Yizkor for a Marriage

The moment my husband of 33 years left for a yearlong fellowship in D.C., things began to go wrong. The dog got deathly sick. Squirrels ate a hole in the ceiling. The kitchen island started wobbling.

All that fall I thought of my husband in his rented apartment with nothing to fix, the new Tibetan carpet he insisted he needed, and the first quilt I’d ever made lying over his couch. While I paid the bills, taught at the university, took the dying dog to the vet and slept in an empty bed, my middle-aged women friends said they were jealous of my opportunity to be on my own. I, though, noticed whitehaired women shopping alone in the grocery store and couples walking hand in hand. I was lonely.

My husband called me at home every day. Perfunctory-feeling calls to say he was doing well. He didn’t want to hear about the dog or the ceiling. He wanted to talk about his new card at the Library of Congress and what the Senate was debating. He wanted to name people he’d seen at the Capitol. I came down with tendinitis in my right arm.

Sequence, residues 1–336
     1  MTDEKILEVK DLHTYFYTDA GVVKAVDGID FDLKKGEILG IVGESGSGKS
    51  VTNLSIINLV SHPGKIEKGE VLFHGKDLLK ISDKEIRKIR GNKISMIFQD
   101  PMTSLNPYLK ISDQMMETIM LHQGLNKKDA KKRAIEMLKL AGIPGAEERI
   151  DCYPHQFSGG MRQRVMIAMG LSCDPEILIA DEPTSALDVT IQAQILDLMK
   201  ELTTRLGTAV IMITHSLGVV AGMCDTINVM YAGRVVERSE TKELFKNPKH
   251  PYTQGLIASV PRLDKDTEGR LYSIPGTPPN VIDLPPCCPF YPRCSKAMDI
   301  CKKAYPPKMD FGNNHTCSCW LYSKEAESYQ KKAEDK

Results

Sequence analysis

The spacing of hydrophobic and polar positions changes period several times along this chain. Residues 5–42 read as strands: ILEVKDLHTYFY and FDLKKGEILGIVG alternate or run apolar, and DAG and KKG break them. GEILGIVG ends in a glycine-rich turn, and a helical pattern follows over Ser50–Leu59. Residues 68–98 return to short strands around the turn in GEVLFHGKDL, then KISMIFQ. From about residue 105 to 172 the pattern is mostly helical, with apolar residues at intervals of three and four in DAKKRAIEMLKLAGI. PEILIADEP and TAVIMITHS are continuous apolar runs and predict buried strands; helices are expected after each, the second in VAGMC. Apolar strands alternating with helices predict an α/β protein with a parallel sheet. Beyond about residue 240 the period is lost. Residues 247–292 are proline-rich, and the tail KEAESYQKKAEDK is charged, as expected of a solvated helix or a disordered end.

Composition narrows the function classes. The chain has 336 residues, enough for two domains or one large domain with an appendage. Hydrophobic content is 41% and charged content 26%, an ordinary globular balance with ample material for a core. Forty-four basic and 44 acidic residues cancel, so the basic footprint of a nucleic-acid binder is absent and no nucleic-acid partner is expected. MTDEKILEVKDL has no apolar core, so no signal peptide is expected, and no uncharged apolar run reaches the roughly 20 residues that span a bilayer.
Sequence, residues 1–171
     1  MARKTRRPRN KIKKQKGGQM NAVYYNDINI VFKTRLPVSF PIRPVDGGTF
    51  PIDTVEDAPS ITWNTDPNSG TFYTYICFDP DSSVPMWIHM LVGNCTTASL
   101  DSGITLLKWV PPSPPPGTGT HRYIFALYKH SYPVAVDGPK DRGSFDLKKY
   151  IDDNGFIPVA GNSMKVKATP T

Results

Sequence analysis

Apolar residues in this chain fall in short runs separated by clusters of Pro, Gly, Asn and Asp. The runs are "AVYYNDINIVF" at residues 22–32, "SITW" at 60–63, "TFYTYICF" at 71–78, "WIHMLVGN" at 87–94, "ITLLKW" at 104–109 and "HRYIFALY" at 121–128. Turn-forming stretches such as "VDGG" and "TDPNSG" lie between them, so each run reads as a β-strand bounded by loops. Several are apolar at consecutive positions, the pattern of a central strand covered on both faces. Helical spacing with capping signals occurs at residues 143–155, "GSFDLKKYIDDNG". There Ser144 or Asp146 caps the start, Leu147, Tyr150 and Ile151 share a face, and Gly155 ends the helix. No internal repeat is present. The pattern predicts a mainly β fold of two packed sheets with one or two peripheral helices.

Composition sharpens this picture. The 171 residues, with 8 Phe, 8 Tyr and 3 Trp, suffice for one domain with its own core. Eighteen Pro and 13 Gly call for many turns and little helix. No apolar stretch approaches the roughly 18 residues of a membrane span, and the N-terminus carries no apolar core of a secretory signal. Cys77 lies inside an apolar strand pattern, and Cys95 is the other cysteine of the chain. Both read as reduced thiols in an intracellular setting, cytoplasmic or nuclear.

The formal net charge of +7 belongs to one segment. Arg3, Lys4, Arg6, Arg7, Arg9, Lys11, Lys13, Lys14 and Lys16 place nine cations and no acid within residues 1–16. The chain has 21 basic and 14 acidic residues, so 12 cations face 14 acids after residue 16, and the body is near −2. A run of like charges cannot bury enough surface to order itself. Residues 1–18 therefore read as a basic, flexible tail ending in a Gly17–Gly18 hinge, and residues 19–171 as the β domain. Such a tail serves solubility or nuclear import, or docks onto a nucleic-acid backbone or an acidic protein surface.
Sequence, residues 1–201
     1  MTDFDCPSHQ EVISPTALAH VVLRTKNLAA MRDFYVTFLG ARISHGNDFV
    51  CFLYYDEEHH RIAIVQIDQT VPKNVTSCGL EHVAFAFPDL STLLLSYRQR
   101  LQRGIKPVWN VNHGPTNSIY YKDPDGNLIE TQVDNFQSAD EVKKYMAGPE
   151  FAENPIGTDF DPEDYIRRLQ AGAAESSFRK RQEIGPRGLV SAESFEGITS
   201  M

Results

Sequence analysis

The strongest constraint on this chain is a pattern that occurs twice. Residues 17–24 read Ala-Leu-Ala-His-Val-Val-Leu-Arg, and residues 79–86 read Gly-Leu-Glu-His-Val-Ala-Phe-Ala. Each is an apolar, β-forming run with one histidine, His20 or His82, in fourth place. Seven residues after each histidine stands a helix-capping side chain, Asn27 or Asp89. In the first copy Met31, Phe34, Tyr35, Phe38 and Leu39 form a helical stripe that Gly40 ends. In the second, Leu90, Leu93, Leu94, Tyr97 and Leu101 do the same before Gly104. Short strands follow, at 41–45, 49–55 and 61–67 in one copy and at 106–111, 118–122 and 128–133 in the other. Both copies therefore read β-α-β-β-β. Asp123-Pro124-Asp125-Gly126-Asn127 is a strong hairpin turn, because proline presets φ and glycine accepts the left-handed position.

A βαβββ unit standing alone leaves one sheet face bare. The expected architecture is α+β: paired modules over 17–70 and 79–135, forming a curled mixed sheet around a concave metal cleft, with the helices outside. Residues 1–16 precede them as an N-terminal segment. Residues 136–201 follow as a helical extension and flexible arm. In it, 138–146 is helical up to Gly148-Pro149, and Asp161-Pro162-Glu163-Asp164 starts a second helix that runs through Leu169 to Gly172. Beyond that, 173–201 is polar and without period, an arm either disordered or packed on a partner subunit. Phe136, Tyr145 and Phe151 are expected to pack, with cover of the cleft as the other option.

When I visited him the first time, he told me he had an event to go to and wouldn’t be able to have dinner with me.

“I think I’ll find something to do on my own,” I said. “Otherwise I’ll feel sad knitting on the couch. Wouldn’t you?”

“I don’t knit,” he said.

During the second visit, he told me over a glass of wine that he wished he could disappear. He didn’t mean death, he assured me, but that he wanted a permanent vacation. I said I understood that need.